Obituary: William Cotton Downing

Roanoke Beacon
March 14, 1890

In Memoriam
Our community was painfully shocked on Saturday morning last, the 8th inst., by the receipt of a telegram from Turtle Creek, Penn., the adopted home of the deceased, that Wm. Cotton Downing was dead, his death occurring suddenly in Asheville, N.C., on Thursday, the 6th inst.

He had been visiting the mountain section of North Carolina on a business tour with friends from Pittsburg, and a letter received by him who pens this humble tribute to his memory, spoke hopefully of the work he was engaged in and in most cheering terms of himself.  His purpose then, was to make a visit to Eastern Carolina, and this, his old home after completing his work in the West before returning to Pennsylvania.

But alas! For human hope or purpose.  The glad expectancy of meeting our dear and honored friend is turned into tears of disappointment in this sad, sudden notice that he has been called away from earth forever, and for the warm welcome we trusted to give him when he should have returned among us, we come instead with sorrowful heart to lay this memorial tribute upon his bier.

Wm. Cotton Downing was the oldest son of Harry Downing and Mary Elizabeth his wife, of Lee’s Mills, and old and honored family of this county, and was born April 10th 1850.  He spent the days of his boyhood at the old homestead near there, receiving his early educational training which was wisely and efficiently supplemented by the careful instruction of his parents.  Later he became a pupil of the Bingham School in Orange county, an institution no less than its high standard for morals and discipline, and here the young student gave evidence first of the talent which was to distinguish him in after life, by his apt scholarship and literary tastes.

At the close of the war, (in which he did not participate owing to his extreme  youth), he took a course of business studies at Poughkeepsie, N.Y., returned to his home in Washington county and entered upon a farmers life, which pursuit he followed uninterruptedly until his removal from us in 1883.

The pleasures as well as the engagements of this vocation were of such character as to forbid him courting the distractions of public life, although his county tendered him not infrequently positions of honor and confidence whose duties he discharged with intelligence and highest acceptability when prevailed upon to accept the trust.  His excellent services as a member of the educational board for the county and for years as a most useful magistrate fully justify the wisdom of his selection for those important places.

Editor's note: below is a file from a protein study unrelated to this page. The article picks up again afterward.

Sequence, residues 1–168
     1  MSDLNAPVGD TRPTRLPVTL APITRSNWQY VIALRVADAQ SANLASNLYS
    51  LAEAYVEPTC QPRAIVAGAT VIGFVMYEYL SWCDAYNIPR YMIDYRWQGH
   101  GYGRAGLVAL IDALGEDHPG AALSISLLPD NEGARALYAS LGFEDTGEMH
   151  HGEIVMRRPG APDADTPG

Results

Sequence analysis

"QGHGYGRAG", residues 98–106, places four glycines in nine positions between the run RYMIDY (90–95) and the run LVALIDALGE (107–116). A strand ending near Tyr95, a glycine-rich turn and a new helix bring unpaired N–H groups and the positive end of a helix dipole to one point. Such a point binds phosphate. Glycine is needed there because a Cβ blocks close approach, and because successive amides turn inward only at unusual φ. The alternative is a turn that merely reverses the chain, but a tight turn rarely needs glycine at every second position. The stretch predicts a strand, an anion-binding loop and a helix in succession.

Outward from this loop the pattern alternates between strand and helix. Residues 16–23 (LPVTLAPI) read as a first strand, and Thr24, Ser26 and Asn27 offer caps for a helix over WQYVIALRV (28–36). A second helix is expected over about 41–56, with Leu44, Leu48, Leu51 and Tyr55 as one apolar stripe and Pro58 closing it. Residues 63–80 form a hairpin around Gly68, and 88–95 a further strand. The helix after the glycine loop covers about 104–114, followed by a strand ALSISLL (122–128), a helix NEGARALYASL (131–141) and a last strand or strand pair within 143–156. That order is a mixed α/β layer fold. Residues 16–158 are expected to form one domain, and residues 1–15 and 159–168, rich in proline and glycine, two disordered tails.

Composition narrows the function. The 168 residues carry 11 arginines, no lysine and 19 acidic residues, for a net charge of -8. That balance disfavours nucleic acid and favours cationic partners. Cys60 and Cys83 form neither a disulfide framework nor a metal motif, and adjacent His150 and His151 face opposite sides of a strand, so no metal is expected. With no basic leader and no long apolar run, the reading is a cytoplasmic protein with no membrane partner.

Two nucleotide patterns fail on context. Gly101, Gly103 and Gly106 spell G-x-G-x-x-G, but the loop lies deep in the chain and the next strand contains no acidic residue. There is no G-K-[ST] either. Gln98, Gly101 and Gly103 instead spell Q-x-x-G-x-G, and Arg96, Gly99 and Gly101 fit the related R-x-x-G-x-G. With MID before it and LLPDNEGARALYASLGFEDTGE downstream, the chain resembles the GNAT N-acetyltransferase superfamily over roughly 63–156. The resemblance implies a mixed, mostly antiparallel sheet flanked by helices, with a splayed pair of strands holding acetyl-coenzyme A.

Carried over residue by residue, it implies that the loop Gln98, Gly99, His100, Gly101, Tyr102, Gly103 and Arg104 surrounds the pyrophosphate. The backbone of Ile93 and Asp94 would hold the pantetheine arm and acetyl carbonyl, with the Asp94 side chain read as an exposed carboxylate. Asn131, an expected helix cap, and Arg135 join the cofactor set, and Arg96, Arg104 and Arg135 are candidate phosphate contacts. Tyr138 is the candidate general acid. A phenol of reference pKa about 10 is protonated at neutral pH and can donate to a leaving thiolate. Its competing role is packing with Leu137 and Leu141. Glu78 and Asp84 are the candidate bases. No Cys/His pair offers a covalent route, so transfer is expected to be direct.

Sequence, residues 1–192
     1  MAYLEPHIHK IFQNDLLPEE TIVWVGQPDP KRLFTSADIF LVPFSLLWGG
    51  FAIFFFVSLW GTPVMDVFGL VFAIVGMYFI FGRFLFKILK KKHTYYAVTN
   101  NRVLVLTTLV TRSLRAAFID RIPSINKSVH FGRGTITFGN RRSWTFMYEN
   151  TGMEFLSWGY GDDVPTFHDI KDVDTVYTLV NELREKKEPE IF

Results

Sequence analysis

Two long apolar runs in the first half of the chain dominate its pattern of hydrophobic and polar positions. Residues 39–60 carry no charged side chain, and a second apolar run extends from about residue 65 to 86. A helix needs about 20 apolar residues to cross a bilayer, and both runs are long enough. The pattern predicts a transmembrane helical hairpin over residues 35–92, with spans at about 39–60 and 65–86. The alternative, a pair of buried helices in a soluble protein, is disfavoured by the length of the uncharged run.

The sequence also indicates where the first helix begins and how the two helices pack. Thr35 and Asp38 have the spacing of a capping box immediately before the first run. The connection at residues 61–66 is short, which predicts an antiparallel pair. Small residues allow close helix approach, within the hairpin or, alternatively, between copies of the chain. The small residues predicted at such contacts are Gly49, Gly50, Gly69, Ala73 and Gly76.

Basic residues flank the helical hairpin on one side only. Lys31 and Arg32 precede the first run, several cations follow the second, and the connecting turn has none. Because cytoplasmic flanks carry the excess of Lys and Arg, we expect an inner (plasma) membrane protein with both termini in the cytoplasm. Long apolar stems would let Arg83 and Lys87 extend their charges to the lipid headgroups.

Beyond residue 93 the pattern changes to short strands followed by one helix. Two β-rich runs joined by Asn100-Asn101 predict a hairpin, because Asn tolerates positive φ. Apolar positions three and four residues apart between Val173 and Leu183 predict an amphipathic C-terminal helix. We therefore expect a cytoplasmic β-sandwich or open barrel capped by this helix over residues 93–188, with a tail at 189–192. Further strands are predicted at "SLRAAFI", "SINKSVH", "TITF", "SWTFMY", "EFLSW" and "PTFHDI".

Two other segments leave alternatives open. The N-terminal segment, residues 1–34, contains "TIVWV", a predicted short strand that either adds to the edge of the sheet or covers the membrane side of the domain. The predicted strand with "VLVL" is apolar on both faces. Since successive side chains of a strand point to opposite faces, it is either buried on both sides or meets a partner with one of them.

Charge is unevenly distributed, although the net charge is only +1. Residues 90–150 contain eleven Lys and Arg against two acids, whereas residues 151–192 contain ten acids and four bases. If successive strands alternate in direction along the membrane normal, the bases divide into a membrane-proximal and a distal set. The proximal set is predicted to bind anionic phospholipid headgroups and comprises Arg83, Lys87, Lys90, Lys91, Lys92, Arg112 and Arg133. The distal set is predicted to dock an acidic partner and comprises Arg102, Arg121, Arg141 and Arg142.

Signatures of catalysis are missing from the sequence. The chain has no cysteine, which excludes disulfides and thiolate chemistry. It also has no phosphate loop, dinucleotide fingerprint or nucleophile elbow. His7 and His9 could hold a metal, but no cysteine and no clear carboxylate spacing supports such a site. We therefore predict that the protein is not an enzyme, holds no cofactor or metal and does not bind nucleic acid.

But it was in the field of poetry that Mr. Downing was to win his most enduring reputation, his mental gifts being more pronounced of this order and his nature preeminently fashioned in this mould.  Thoughtful, imaginative, earnest in his sympathies and quick of perception of whatever was beautiful or true in life or nature, his being was well attuned to the expression of poetic thought, and the many tender verses he has left behind will live for years to come as an evidence that his talent was far above mediocrity.  A devoted and loving son of the Southland, his heart sympathizing fully with all her misfortunes and sorrows, his finest efforts, perhaps, are those which portray the story of her sufferings in the civil war, the heroism of her soldiery, the self denial and patriotism of her people in that fateful struggle and glory of her departed leaders.  Here his fancy found tenderest play as the memories of its better days before civil strife began, were contrasted with the gloom and d<…>lation which followed defeat, when sorrow sat by every fireside and all that was left to console us in bereavement was the sad yet tender light which played around the memories of those who had died to make it otherwise.

Other contributions of his to the State press and for journals outside of our borders showed that he was possessed too of great general information on matters pertaining to the material advancement of North Carolina in the changed order of things, presenting with force and truth, fullness her great resources, the need of their development and the opportunity offered to enterprise and capital to invest among us.  In this he did the State good service which should be gratefully remembered.

He was a genial, sincere warm hearted friend, faithful in every emergency, given to hospitality in its purest and most generous s<…> and courageous in every conviction which came to test loyalty.

As husband and father he was gentle, affectionate and kind, and his home made through these gracious qualities a place of liberal, unaffected, wooing welcome to guest and family alike.  There was no place among us where the word “domesticity,” – sacred to the household god – meant more than it did at the quiet home of “Mapeloke.”
Above all he was an earnest and devoted believer in the christian religion and reverenced God and his Savior with unfaltering trust and affection.  Years ago he became a member of the Episcopal church and lived and died in its communion.

Such briefly was the life and character of our departed friend – upon whom, in God’s providence, the eternal peace was given to fail at last, in his native State and in its lovliest and most beautiful portion.  His latest verses – reproduced elsewhere in these columns – was a loving tribute to the fair laud and city where he breathed his last and the motherland which met his last sight of earth.  Pence to his ashes and blessings upon his memory.  – T.S.A.